France26 February 2008
Bill to reinforce protection for journalists’ sources discussed with justice ministry
Reporters Without Borders met with justice ministry officials yesterday to discuss a draft government bill to reinforce protection for the confidentiality of journalists’ sources. While welcoming the improvements contained in the bill, which is to be published in mid-March after the Council of State has given its view, the press freedom organisation voiced its reservations about the restrictions to be placed on this protection.
Under the draft law, the judicial authorities would be able to violate the confidentiality of journalists sources “on an exceptional basis” and “in the framework set by the law” and only when the “nature and gravity of the offence justify it.” Reporters Without Borders thinks these provisions are too vague and would allow investigators and judges to restrict the law’s application.
Reporters Without Borders said the restrictions on the protection of sources needed to be more specific. The organisation would like them to be better defined and more protective for journalists, as they are in a Belgian law, which says “journalists may only be forced to identify [their] sources of information (...) if they are likely to prevent offences being committed that pose a serious threat to a person’s physical safety” or that are acts of terrorism.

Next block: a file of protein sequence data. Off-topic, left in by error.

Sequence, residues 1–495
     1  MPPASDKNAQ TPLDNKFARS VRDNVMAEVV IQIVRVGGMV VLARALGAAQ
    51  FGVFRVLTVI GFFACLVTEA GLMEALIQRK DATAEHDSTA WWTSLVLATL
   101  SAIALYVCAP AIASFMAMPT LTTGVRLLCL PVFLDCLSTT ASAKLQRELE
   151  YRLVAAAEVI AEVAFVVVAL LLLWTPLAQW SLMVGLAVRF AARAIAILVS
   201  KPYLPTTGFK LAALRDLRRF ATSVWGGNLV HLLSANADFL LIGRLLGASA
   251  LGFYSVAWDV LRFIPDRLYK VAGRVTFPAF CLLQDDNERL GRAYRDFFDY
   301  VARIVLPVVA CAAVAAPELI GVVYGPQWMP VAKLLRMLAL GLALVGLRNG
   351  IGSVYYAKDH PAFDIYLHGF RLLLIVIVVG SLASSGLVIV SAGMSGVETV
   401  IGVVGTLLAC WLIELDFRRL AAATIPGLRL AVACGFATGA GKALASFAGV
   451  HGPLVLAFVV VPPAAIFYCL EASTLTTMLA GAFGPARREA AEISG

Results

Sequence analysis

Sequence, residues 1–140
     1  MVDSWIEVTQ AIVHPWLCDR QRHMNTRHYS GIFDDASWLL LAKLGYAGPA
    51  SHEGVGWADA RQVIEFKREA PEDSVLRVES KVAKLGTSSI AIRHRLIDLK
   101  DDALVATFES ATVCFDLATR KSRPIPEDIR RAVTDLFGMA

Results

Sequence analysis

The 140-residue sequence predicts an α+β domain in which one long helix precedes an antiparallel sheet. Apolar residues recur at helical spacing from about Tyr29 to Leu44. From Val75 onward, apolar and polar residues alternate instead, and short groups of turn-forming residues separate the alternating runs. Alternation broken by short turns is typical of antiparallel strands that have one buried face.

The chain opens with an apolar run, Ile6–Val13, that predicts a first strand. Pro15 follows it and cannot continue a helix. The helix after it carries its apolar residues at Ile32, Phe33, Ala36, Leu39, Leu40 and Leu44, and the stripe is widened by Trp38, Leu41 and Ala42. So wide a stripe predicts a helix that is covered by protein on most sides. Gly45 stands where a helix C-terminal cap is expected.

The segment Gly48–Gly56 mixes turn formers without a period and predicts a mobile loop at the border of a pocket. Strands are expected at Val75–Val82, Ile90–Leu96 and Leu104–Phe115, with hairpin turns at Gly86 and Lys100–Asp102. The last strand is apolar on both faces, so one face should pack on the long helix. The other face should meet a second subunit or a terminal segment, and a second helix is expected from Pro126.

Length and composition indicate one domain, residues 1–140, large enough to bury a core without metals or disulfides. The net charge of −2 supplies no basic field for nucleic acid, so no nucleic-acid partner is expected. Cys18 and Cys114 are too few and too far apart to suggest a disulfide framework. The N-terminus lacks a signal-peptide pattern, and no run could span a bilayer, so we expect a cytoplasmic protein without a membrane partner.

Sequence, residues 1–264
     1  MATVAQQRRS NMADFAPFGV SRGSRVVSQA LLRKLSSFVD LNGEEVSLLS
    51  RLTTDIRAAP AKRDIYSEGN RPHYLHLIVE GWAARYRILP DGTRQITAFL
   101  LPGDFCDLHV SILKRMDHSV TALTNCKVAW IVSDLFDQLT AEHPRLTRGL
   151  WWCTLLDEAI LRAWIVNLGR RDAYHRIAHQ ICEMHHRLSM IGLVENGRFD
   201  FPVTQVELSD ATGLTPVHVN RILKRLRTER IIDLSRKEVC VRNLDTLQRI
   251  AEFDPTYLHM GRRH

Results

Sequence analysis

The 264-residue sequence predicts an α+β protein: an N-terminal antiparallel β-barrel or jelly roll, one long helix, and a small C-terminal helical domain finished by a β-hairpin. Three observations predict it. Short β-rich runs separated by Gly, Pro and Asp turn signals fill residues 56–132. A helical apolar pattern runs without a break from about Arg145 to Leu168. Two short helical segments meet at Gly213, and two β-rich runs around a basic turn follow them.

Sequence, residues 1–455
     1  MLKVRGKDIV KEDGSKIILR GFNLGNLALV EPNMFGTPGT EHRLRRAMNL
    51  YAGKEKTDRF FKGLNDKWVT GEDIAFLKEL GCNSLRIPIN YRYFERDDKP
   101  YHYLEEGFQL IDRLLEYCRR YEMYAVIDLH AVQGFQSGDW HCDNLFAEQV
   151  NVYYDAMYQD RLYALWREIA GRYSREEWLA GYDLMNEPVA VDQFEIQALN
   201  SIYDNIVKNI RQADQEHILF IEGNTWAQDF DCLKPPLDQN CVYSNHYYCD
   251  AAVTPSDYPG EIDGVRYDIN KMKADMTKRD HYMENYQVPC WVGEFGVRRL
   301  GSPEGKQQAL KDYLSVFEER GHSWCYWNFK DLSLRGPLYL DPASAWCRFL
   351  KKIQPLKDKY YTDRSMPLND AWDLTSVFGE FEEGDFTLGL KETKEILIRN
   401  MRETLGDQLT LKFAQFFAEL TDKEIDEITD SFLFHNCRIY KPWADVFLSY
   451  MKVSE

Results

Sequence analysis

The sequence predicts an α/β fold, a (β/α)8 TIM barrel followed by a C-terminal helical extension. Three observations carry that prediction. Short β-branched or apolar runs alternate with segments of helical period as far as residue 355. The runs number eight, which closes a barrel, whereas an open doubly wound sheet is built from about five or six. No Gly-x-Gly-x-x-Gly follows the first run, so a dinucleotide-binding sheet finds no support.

The Belgian law also says that the information must of “crucial importance for preventing these offences from being committed.”
The French draft law would also reinforce provisions concerning searches of journalists’ homes. A judge would have to present and the journalists would be able to object to the seizure of files, including computer files. If an objection was made, the files would be placed under seal and the decision on whether or not the seizure could go ahead would be taken by an independent, specialist judge at a hearing at which both the journalist and investigating judge were present.
The draft bill, which is to be incorporated into article 2 of an 1881 law on press freedom, would guarantee the confidentiality of sources for all journalists as broadly defined in the labour law. This definition includes online media employees. Reporters Without Borders pointed out to the justice ministry that it does not however include bloggers or local press contributors.
Reporters Without Borders also proposed that the new law should be accompanied by specific training in its application for police and gendarmerie investigators.